Process identifies anomalies from original data without bias
Tom Smith, Ph.D.
The primary task facing a seismic interpreter is to recognize and attribute a geologic significance to observable patterns in the seismic response. The most apparent patterns are found in seismic reflections. In recent years, the industry is using more subtle patterns and connecting them to such attributes as porosity, lithology, and fluid content, as well as underground structure.
The separation of such patterns and their use as potential identifiers of subsurface characteristics comprises attribute analysis, a customary instrument in the geoscientist's toolkit.
Over the years, seismic data volumes have increased in terms of geographic area covered, depth of interest, and the number of attributes. New and potentially disruptive technologies have developed to take advantage of all the attributes available in the seismic data.
One new technology, based on unsupervised neural networks (UNN), reveals deeper insights into the seismic response and thereby reduces exploration risk. Unsupervised neural network technology can help interpreters recognize seismic anomalies that may indicate the presence of hydrocarbons, often when conventional techniques fall short. This new technology may also find application in the prediction of lithologies and fluid properties, as well as in estimating the size of reservoirs.
The self-organizing map (SOM), a form of UNN and a powerful pattern recognition method, was initially developed by Prof. Teuvo Kohonen of Finland during the 1970s-80s. Based on this approach, UNNs assist the interpreter in prospect evaluation by:
• Enabling the rapid comparison of large sets of seismic attributes
• Indentifying combinations of attributes that reveal seismic anomalies
• Distilling the interpretation process to identify hydrocarbons with greater speed and accuracy.
Supervised vs. unsupervised UNNs
For several years there have been a few commercial tools in the upstream industry that are based on "supervised" neural networks. A supervised neural network (SNN) operates on data that has been classified, i.e., "ground truth" is known in specific locations, providing reference points for calibration of the network. In terms of seismic data, for example, a segment of a seismic survey at each logged well is employed to calibrate the SNN. Supervised neural networks unite the seismic data at the well to the known conditions from the well, while inferring geophysical properties away from wells.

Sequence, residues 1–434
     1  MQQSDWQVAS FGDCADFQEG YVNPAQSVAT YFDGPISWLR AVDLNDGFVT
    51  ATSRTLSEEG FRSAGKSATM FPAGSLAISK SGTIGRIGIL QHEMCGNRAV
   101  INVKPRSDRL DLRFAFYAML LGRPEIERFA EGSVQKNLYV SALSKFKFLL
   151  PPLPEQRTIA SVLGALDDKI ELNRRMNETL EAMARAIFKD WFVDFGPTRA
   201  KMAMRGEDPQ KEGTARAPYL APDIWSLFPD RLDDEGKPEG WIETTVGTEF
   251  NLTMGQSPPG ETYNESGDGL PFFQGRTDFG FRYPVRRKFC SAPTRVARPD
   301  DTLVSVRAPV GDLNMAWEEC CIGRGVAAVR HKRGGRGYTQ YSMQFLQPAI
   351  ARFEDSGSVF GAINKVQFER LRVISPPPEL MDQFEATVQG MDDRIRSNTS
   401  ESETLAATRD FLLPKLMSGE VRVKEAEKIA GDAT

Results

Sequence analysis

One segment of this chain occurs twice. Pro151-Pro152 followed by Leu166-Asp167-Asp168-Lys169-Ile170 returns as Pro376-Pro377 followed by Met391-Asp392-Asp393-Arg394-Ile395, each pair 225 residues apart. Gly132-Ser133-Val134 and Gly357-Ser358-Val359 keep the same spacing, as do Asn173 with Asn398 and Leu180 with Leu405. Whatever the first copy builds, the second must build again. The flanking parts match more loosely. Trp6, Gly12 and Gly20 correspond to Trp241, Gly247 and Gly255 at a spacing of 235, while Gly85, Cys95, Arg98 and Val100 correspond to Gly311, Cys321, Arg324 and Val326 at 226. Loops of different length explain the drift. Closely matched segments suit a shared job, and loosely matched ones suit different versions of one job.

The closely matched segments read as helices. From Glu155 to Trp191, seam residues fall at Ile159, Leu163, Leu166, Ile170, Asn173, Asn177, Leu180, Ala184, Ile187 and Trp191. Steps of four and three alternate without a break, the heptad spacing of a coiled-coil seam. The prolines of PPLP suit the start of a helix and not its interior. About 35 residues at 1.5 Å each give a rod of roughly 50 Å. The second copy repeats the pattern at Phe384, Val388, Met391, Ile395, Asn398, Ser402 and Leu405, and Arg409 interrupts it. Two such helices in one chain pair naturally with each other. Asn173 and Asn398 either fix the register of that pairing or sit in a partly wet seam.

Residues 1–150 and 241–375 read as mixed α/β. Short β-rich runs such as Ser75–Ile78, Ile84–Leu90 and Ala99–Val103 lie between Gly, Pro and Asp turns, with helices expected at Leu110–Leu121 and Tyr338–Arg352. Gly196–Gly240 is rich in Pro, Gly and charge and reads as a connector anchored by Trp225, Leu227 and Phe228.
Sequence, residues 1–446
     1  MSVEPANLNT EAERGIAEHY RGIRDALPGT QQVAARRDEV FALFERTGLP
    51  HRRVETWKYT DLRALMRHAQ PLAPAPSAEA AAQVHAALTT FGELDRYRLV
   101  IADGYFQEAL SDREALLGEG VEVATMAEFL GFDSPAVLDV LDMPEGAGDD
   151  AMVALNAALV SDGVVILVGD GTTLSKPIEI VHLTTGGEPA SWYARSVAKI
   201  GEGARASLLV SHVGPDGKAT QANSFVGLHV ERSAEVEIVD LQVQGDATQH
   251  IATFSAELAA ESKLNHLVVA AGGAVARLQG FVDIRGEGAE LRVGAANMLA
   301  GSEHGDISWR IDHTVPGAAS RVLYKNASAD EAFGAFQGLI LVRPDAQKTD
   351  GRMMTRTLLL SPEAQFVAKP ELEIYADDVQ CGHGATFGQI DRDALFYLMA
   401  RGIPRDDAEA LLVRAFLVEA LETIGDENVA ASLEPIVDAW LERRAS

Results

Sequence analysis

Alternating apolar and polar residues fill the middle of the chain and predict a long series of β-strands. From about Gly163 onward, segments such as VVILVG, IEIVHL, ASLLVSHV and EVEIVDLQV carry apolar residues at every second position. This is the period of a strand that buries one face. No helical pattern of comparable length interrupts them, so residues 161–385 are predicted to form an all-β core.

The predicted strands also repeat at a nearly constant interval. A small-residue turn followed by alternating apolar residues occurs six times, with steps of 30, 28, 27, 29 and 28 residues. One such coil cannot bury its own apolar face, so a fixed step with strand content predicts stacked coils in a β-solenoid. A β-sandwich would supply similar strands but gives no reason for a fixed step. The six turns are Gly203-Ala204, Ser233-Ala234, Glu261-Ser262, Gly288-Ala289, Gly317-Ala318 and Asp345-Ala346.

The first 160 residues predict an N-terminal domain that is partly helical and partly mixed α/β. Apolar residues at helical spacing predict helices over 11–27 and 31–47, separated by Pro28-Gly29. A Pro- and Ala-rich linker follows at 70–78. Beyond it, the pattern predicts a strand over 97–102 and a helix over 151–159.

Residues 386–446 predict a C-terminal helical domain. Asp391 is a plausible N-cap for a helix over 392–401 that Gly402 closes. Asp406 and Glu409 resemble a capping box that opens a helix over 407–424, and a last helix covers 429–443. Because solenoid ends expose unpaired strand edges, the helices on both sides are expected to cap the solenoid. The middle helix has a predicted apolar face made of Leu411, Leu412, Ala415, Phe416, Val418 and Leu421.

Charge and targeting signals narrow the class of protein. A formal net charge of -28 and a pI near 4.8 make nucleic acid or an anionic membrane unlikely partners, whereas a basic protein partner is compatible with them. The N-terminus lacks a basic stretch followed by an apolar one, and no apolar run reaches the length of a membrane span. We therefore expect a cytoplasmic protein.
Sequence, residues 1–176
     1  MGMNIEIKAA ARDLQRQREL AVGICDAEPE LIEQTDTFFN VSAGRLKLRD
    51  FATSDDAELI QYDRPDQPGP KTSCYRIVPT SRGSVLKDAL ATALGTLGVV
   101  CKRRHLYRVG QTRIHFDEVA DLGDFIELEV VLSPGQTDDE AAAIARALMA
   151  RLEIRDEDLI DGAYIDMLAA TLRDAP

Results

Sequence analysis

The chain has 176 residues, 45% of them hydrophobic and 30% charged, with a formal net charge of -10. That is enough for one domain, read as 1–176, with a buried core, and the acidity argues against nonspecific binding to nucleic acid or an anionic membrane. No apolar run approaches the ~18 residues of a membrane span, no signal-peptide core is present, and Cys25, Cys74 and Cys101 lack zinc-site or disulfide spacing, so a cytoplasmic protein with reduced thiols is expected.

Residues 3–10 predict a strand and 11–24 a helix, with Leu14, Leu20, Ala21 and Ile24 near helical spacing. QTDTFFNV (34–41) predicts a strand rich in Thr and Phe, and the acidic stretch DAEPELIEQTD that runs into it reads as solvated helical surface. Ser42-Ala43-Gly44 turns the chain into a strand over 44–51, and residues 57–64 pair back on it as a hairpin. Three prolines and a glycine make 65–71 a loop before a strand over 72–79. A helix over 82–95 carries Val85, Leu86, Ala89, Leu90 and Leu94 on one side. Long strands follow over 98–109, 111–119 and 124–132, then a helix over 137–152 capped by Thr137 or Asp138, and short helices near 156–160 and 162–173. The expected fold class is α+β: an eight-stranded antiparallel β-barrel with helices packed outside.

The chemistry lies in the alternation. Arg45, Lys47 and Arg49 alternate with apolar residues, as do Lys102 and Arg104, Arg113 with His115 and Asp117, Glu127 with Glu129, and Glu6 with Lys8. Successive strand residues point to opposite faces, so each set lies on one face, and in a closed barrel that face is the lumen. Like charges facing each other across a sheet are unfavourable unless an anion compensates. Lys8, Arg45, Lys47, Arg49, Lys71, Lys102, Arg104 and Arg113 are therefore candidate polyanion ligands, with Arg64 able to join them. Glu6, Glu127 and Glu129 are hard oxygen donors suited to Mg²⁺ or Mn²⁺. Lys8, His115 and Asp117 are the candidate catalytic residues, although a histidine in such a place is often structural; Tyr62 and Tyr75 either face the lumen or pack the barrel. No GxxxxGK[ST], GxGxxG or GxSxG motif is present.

|This represents a conventional seismic interpretation of a vertical amplitude section across the center of salt dome in the Gulf of Mexico, provided courtesy of Fairfield Nodal.|
|The same data after UNN processing shows edge of the salt, and the anomalous areas shown in white are obvious.|
But what happens if there is no well log or other forms of ground truth available, such as in a greenfield exploration?
This is the advantage of unsupervised neural networks, which do not need an "answer" beforehand and cannot, therefore, be biased. UNNs can be applied to "unclassified" data, which operates on the seismic data response alone. Hence, the technology can be used to identify where even exploratory wells should be drilled by identifying geobodies that are different than their surroundings.
|Horizontal time-slice of the red line shown after UNN processing.|
|UNN analysis from data taken offshore West Africa. The classification result may not show any anomalous areas, but the resultant vertical slice from the neural network volume shows significant stratigraphic details and areas for the interpreter to investigate further.|
The edge of salt has been interpreted in this example along with several channel systems working through the data. Operating on this same data using an UNN produces results where the same edge of salt outline can been seen, but "anomalous" areas (in white) stand out.